Diane Keaton: It kind of goes back to the idea of collage. I had mountains of correspondence, my mother’s endless journals, my father’s few letters, scrapbooks, photo albums, and my own half-baked journals. I didn’t really have an approach. I just randomly started reading one of Mother’s journals. After I finished it, I found one of my own I had written the same year. So I read that too. Then I started editing Mom down, then me, and after that I began to write in response to both of us. I began to compare and contrast our lives. It helped. The book became a kind of editorial process
I felt comfortable with. Of course, the result was a mess, but I sent it to my editor, David Ebershoff, anyway. He would encourage me and always say, “Diane, remember, writing is rewriting.” I took his advice. Rewriting was like memorizing a script; I just kept going over it, and over it and over it again. It was like the old Repetition Game I learned when I was studying acting with Sandy Meisner—you keep repeating until something new comes. Part of the Repetition Game requires spontaneous response to your partner’s behavior. It was easy to respond to my mother. She was the most important person in my life.

AQ: Were you astonished when you realized how much writing your mother had done on her own without any thought of publication or pay?

DK: I think about it all the time. I think, “What would it be like if I had read the journals before she was gone, before I started to write Then Again?” I miss her. Now that I know so much more about her intimate experiences and longings, it breaks my heart. (more…)

Win ELIZABETH THE QUEEN in time for Mother’s Day

Thursday, May 10th, 2012

Smith_Elizabeth the QueenStill looking for the perfect Mother’s Day gift?  Haven’t had time to go shopping?  Well, look no more because Random House Reader’s Circle brings you a late-breaking giveaway with the chance to win a copy of ELIZABETH THE QUEEN by Sally Bedell Smith just in time for May 13th.

Copies of the book will be sent overnight to your address so you will receive them with enough time left to put a bow on it.  Enter here for your chance to win.

About the book: In this magisterial new biography, New York Times bestselling author Sally Bedell Smith brings to life one of the world’s most fascinating and enigmatic women: Queen Elizabeth II.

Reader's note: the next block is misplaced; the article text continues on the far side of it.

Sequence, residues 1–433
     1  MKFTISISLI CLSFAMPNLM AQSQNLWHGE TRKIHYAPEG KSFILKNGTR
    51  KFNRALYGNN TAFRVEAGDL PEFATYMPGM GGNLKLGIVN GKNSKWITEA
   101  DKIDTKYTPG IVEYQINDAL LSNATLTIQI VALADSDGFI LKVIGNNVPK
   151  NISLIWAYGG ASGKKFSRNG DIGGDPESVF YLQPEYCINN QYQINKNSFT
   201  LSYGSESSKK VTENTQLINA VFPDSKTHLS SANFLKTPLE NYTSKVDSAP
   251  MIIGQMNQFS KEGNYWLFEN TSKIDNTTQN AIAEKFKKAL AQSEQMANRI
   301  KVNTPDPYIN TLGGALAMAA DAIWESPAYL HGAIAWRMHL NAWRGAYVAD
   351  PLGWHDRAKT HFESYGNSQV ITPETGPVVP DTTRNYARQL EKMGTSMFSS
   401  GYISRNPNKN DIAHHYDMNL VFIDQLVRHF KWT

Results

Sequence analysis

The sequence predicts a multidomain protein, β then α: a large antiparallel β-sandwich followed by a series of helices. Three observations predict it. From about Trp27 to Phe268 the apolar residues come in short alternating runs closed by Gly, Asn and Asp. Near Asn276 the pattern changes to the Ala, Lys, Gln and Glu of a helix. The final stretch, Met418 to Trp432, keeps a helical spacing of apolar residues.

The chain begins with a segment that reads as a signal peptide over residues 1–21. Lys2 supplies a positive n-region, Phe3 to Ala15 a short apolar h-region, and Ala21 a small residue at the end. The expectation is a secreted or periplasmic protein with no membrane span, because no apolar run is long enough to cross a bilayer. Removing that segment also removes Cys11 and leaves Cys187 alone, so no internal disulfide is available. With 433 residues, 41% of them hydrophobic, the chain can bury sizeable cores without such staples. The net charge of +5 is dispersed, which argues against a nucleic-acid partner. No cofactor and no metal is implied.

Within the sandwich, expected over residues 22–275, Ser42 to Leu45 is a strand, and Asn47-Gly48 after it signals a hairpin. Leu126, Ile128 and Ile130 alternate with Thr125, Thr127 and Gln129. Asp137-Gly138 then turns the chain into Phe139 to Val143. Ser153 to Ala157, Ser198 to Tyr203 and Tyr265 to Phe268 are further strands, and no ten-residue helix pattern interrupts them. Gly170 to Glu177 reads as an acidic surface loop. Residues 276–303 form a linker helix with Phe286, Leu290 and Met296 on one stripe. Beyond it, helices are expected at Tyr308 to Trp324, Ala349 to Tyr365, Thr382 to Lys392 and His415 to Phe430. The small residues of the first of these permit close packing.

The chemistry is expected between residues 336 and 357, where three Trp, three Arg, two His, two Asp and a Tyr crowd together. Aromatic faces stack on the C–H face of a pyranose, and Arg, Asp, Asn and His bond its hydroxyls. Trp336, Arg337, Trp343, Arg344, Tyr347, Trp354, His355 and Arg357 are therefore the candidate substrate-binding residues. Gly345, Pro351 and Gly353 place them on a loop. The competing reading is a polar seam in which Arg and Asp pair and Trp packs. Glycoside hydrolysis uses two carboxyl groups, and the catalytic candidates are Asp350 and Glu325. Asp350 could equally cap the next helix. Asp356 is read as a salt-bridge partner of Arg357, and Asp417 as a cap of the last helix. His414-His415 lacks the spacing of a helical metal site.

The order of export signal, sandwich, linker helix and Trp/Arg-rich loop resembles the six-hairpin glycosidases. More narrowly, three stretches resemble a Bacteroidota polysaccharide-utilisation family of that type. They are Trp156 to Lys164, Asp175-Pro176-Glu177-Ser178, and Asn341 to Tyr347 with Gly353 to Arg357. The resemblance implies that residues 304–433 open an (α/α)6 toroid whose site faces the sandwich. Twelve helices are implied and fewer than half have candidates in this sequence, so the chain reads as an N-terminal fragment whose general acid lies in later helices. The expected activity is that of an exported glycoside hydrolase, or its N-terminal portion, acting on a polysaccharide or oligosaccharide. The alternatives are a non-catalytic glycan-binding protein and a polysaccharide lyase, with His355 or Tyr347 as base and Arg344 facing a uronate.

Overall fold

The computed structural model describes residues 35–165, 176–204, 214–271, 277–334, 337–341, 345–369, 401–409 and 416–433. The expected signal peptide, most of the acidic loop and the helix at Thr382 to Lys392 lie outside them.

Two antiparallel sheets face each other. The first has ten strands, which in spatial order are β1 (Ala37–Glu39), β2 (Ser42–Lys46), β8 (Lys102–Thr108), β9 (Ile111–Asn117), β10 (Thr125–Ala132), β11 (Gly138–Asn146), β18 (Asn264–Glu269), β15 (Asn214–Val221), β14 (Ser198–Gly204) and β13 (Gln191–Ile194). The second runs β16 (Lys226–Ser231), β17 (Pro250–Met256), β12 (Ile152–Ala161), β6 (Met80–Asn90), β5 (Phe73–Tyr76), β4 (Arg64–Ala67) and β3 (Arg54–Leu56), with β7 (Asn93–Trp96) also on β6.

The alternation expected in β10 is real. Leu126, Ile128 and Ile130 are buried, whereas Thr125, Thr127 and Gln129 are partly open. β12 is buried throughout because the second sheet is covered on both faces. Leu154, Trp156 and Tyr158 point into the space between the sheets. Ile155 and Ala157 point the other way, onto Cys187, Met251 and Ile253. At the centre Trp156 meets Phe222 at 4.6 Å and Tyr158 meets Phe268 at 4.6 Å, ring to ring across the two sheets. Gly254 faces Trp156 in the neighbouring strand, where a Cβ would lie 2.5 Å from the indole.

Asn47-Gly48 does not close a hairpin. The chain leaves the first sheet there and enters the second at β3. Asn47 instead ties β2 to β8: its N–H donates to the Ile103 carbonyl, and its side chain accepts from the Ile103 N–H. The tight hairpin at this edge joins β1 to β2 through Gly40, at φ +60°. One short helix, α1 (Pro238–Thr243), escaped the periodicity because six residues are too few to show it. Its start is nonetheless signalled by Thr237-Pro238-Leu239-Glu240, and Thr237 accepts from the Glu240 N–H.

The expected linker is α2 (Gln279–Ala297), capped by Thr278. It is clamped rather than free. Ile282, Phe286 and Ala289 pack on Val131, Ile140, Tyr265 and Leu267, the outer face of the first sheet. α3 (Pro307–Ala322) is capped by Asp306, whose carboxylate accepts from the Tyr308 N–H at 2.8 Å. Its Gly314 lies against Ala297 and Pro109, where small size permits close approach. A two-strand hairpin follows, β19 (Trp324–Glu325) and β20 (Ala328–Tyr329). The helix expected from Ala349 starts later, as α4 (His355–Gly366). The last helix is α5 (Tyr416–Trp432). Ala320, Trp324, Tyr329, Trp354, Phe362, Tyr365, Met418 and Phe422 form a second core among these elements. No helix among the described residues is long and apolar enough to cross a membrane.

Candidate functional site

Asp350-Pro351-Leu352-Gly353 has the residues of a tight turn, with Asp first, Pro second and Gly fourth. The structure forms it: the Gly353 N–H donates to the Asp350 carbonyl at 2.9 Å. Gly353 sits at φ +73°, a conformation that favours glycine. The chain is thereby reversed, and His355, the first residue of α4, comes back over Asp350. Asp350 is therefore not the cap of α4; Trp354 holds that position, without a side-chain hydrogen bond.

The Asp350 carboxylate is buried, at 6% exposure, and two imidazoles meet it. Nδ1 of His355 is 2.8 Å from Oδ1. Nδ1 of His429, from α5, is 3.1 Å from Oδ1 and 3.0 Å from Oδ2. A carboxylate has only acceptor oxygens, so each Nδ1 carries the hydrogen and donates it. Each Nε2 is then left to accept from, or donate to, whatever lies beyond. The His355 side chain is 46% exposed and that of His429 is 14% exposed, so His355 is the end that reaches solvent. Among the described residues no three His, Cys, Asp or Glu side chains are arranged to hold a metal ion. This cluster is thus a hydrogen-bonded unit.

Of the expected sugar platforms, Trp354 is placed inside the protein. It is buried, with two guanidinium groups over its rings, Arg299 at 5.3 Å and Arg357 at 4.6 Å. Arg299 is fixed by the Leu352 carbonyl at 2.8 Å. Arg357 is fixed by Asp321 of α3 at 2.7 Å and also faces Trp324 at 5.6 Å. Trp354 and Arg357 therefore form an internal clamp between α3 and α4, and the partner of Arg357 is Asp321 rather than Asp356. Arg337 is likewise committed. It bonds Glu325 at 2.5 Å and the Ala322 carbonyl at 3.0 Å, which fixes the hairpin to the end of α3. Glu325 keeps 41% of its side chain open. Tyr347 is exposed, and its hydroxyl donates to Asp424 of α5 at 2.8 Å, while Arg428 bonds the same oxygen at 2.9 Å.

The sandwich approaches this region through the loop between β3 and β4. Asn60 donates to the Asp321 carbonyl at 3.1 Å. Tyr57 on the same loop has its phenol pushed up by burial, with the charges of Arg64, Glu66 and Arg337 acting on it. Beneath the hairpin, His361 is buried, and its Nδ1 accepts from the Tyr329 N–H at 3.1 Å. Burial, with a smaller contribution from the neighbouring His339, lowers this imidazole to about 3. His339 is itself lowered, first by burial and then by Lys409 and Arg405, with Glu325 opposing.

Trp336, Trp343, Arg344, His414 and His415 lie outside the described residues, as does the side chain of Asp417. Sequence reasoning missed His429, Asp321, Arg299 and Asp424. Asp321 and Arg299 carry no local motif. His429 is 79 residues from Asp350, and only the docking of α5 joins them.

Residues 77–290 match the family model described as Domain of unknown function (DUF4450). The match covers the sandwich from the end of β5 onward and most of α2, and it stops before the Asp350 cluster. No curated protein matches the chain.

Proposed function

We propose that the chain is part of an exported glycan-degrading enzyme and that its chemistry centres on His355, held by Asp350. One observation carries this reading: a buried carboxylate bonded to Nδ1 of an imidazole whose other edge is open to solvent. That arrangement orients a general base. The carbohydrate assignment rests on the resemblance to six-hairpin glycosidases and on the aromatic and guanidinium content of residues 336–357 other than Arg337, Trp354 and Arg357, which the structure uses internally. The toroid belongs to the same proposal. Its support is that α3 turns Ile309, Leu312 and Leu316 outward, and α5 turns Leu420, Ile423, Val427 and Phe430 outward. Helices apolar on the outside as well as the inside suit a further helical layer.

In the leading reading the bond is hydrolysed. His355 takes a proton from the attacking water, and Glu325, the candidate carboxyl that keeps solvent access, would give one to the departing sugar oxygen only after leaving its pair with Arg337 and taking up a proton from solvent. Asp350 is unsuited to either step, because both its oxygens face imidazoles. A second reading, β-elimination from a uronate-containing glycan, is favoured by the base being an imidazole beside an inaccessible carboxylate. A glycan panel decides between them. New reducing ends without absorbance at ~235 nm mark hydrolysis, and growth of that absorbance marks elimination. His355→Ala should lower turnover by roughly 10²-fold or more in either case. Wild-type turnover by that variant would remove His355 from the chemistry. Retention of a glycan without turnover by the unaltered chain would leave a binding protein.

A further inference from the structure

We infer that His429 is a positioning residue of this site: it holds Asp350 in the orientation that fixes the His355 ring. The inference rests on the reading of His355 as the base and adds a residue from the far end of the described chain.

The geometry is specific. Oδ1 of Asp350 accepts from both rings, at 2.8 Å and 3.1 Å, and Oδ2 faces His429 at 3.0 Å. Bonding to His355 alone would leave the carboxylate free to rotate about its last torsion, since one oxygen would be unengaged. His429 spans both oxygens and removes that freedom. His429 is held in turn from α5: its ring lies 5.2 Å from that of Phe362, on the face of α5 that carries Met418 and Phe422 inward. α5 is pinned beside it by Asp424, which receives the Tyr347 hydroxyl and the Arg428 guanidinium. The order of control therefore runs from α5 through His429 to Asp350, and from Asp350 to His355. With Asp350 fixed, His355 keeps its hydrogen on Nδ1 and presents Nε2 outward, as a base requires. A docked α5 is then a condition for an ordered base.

From the moment of her ascension to the throne in 1952 at the age of twenty-five, Queen Elizabeth II has been the object of unparalleled scrutiny. But through the fog of glamour and gossip, how well do we really know the world’s most famous monarch? Drawing on numerous interviews and never-before-revealed documents, acclaimed biographer Sally Bedell Smith pulls back the curtain to show in intimate detail the public and private lives of Queen Elizabeth II, who has led her country and Commonwealth through the wars and upheavals of the last sixty years with unparalleled composure, intelligence, and grace.

In ELIZABETH THE QUEEN, we meet the young girl who suddenly becomes “heiress presumptive” when her uncle abdicates the throne. We meet the thirteen-year-old Lilibet as she falls in love with a young navy cadet named Philip and becomes determined to marry him, even though her parents prefer wealthier English aristocrats. We see the teenage Lilibet repairing army trucks during World War II and standing with Winston Churchill on the balcony of Buckingham Palace on V-E Day. We see the young Queen struggling to balance the demands of her job with her role as the mother of two young children. Sally Bedell Smith brings us inside the palace doors and into the Queen’s daily routines—the “red boxes” of documents she reviews each day, the weekly meetings she has had with twelve prime ministers, her physically demanding tours abroad, and the constant scrutiny of the press—as well as her personal relationships: with Prince Philip, her husband of sixty-four years and the love of her life; her children and their often-disastrous marriages; her grandchildren and friends.